San Pedro de Cardeña – a Sketch from Spain

A hundred years ago Federico García Lorca journeyed around central, north-western and southern Spain. His reflections on his travels were published as Sketches of Spain – his very first published work. During his travels, Lorca visited the monastery in San Pedro de Cardeña near to the northern city of Burgos. As Lorca’s translator noted, there is an added poignancy in his reflections on visiting the monastery (contained in the extract below) as the site was to become home to the hospital where Gestapo doctors assisted Fascist psychiatrist Antonio Vallejo Nájer as he sought to identify the ‘red gene’ in his experiments on International Brigade prisoners of war…. Twenty years after writing these words Lorca was murdered by fascist militia in the province of Grenada. The exact location of his grave is still unknown.

SAN PEDRO DE CARDEÑA
✤✤✤✤✤

Echoes of Castile fall on the cool spring air. Spiders glitter on mounds of sweet-smelling corn and the sun extends opaque panes of red glass onto distant mists … The trees resound like the sea and the glare of the sun strangely enamels the vast, solitary plain. Profound tranquillity invades the villages; silken threshing floors smell of flaxen incense and a gentle, almost priestly tinkle of bells accompanies resigned toil … a fountain perpetually kisses the water channel that swallows it … Cheerful ragamuffins shout out in the soft shadows of elms and walnut trees, scaring off the hens … silent towers, their roofs riotous gardens; shuttered houses, all sadness and humility … and a boy singing as he returns from the corn fields …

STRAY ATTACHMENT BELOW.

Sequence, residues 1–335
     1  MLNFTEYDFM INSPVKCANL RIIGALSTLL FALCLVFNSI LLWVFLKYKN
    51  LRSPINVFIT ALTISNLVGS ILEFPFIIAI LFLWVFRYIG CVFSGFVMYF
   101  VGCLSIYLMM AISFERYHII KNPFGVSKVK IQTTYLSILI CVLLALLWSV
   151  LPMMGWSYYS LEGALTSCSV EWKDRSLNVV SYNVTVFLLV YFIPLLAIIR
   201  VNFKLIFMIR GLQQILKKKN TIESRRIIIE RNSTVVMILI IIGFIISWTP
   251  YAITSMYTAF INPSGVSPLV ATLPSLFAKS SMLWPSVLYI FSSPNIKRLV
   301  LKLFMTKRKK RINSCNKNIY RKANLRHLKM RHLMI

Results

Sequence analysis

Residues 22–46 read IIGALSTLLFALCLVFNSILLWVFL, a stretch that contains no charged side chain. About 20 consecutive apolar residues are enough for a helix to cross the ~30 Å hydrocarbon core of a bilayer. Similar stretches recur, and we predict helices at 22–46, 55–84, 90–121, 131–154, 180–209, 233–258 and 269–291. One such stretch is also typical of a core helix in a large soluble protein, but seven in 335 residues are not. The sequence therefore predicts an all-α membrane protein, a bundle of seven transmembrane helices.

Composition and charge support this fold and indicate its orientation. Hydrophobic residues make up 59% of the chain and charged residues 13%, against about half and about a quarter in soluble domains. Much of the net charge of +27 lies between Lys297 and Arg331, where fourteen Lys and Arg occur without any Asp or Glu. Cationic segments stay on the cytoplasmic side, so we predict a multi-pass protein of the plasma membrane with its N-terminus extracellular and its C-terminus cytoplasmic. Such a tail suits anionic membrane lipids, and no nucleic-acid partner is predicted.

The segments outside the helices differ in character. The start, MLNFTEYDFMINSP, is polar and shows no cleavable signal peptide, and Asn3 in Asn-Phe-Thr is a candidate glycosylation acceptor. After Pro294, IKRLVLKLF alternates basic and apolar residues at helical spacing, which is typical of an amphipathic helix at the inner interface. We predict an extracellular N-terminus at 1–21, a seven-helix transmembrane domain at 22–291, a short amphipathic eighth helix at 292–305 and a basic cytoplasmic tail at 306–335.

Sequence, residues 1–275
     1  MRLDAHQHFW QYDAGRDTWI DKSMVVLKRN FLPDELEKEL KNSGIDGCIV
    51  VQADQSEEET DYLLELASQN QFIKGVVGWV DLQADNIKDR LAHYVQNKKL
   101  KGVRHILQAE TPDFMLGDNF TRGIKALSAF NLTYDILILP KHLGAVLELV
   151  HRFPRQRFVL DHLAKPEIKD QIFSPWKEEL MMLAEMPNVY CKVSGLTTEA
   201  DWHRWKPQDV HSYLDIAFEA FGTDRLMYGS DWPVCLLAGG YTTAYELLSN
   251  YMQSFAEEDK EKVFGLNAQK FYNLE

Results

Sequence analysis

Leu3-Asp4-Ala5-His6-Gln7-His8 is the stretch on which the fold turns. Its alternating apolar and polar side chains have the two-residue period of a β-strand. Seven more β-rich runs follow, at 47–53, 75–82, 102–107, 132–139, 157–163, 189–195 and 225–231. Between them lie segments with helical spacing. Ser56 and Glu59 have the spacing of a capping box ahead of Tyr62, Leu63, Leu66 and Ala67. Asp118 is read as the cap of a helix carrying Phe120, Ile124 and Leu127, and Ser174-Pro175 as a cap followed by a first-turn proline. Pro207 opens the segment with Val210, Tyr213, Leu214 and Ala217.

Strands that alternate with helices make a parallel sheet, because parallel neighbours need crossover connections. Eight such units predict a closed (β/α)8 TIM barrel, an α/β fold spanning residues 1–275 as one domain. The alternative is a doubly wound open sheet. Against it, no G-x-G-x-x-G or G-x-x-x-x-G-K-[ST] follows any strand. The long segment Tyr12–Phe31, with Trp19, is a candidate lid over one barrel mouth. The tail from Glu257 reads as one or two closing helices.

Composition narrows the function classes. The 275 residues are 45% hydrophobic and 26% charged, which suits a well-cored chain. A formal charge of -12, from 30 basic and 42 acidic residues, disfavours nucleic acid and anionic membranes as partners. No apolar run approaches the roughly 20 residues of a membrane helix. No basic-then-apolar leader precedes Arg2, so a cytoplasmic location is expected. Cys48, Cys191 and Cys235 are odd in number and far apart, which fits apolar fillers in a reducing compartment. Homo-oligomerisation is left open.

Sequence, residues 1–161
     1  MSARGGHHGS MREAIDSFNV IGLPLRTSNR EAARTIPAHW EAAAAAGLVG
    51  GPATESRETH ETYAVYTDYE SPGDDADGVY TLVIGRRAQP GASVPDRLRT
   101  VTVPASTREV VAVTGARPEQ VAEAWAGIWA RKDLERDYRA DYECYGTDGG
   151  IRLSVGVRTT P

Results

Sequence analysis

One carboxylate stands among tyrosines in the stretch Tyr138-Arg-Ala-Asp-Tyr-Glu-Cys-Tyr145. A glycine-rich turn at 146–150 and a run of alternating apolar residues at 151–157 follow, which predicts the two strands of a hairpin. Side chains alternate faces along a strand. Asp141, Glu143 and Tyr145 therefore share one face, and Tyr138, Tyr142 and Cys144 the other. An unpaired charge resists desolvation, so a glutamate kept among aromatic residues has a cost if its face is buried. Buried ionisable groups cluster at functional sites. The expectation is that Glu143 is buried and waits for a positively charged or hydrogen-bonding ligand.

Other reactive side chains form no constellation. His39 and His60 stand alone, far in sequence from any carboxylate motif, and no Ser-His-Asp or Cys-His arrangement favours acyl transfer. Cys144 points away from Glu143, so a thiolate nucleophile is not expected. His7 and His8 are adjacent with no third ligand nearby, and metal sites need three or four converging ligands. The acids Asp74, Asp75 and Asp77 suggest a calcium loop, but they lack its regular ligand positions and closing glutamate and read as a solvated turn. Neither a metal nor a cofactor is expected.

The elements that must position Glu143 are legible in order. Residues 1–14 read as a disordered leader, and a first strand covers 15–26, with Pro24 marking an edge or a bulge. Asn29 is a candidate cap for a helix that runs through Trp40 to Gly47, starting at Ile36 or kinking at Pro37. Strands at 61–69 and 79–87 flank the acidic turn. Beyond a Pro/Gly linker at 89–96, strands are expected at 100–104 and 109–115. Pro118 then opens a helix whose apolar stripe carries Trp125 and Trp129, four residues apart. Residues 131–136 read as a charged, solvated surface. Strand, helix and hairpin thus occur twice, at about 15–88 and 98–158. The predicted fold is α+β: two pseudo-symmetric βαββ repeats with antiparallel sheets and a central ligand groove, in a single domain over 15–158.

Women are washing in a pool that is like a slab of green marble; their hair unkempt like Gorgons’, they laugh and banter …

The sublime unity of the lands of Castile is expressed by a single, solemn hue. Everything has Carthusian austerity, tedious homogeneity, self-questioning anxiety, authentic  religiosity, solemn anguish, tender simplicity and numbing immensity.

The distant sierras are a blur of purple volcanic ash, some trees have souls of gold in the evening sun, and on far-off frontiers soft, dark colours open their huge fans and swathe the sweet, melancholy hills in iridescent velvet …

Reapers’ scythes bring death to fields of corn where poppy flowers set out their ancient cloth.

The red sky begins to resonate against the leaden backcloth; the wind abates and the vaguely mystical dusk of Castile intones a weary, eternal song …

Carts clatter along tracks, insect string-musicians chirrup on the air; hay and anonymous flowers seem to burst from the chest hoarding their perfumes in order to caress the softness of the shadows … as if an explanation of eternity might spring from an ineffable dialogue with the divine …

The trees reflected in the water are surrounded by an exquisite autumnal melancholy … and in damp, already dark valleys, sheep bleat to the monotonous jangling of a bell.

The landscape’s rhythmic grandeur lies in the ruddy yellow which shuts out any other colour that attempts to interfere …

The dry grass carpeting the ground is still, and a spartan tower, windows gaping and empty, sticks its head, wearied by the years, between walnut trees and elms.

✤ ✤ ✤ ✤ ✤

The sun spreads transparent green waters over the meadow where Doña Sol and Doña Elvira once chatted.

Inline image 1

Inline image 4

Silence brings religious depth to the stone’s sense of history, disturbed only by the soft flap of pigeon wings.